The game had been a painful piece of déjà vu, the booing inside Wells Fargo Center incessant. Now, Scott Hartnell just wanted to forget about it for a while, forget about another tough start to what was shaping up to be another tough season in Philadelphia.
He hit the bar near his Old City crib for a few pops with some teammates. A couple of men, 20-somethings, eyed him up, stored up a sufficient quantity of liquid bravery, and started in on him. "Giving it to me pretty good," he says. "Stuff like, 'We wish we could trade you for a bag of pucks.' Something stupid, right? So I just said, 'Don't come to Broad Street this summer if we win.' I called them out a little maybe, too. And then I left.
"So we'll see what happens."
This was in early October, when Hartnell - the Flyers' flopping, floppy-haired 29-year-old winger - found himself buried on a fourth line, subject once again to the daily, multination trade rumors that have pockmarked his five seasons in Philadelphia. That first season as a Flyer - after signing a 6-year, $25.2 million deal - Hartnell did not score until his 16th game, and that was an empty-netter. The next year, he set career highs in goals and assists. But then, the year after, his very public and very ugly divorce reduced him to a zombie on blades, and his goal total hovered in single digits for much of the season.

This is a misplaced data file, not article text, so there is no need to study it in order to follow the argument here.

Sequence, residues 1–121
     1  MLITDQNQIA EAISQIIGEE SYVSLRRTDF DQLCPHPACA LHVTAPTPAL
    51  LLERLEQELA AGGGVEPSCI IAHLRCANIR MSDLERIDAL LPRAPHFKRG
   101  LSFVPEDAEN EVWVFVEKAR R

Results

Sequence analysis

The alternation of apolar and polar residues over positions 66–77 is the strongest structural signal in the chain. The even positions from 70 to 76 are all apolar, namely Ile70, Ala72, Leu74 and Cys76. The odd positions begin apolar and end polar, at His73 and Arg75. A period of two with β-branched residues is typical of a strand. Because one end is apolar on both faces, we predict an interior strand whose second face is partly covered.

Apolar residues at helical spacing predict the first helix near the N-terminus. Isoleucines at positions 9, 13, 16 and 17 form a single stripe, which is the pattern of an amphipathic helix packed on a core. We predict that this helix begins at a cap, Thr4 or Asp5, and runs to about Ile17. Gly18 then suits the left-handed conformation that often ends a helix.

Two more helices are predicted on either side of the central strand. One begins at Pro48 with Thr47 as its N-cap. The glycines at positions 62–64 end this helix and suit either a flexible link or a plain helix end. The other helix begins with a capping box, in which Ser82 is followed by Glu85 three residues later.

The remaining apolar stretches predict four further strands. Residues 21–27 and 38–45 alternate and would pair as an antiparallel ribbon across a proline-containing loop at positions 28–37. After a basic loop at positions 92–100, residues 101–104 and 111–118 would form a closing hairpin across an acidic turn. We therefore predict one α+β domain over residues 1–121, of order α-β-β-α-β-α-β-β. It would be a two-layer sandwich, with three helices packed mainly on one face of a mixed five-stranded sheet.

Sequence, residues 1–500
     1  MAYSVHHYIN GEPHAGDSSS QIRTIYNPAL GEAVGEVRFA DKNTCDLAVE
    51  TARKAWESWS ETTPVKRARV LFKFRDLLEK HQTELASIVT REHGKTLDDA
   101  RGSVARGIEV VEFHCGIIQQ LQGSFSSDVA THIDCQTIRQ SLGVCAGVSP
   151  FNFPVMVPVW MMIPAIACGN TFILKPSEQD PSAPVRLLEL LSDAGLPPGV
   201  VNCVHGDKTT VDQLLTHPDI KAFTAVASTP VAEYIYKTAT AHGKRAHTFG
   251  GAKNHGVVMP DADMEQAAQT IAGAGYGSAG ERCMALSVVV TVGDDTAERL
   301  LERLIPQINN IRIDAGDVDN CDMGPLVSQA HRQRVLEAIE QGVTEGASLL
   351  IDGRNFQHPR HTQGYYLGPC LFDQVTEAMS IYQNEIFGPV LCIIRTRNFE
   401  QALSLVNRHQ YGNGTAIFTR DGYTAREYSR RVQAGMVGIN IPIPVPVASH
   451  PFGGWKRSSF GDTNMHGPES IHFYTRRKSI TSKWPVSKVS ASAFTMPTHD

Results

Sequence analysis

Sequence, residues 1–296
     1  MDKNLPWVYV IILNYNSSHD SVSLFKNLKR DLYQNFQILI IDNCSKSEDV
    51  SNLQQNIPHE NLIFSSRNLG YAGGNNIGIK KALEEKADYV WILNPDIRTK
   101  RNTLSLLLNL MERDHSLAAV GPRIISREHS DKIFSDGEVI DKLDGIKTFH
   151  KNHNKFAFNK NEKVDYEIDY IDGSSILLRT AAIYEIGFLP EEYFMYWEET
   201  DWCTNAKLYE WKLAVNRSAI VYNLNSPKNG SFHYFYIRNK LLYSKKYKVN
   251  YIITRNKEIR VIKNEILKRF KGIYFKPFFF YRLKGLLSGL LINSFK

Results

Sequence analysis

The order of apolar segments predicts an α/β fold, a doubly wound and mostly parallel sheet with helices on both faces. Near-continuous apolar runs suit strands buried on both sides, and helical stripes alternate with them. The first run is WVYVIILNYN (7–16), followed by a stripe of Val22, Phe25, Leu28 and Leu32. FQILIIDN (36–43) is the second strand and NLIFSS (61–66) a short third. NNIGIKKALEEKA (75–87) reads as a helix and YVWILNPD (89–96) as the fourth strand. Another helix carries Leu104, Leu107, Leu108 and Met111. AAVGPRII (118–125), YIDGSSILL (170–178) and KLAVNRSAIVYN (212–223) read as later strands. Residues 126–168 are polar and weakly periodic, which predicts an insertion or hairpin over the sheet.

This has been Scott Hartnell's NHL life. Celebrated one season, scorned the next. Coveted as a premier power forward one season, called a waste of cap space the next. This year is no different: Considered trade bait at the start of this year's campaign, he's now having the best season of his career. In fact, there may not be any athlete in this town's rich sports history - not Andre Iguodala, not even Donovan McNabb - who has slid up and down the scale of fan passion with the volatility Hartnell has, his free-spirited personality celebrated or scoffed at in equal measure.
Fan favorite. Fan target.
A loving soul. A lost one.
"I don't know if it's Philly but it seems people panic a little quicker here," he says. "They're willing to cut you loose quicker here. You have one bad game and it's, 'Get out of here.' Whereas in some markets they'll stay with you a little longer. So it's a little frustrating. But I know the way I can play."
Elevated to play on the first line with Claude Giroux and Jaromir Jagr shortly after that Old City encounter, Hartnell has responded with 25 goals and 19 assists, a pace that will greatly exceed his previous season bests (30 goals and 30 assists). An all-star this year for the first time in his 11-season NHL career, his 6-2 220-pound frame and aggressive style has drawn comparisons to John LeClair and Clark Gillies, large puck-loosening wingers with good hands and quick releases.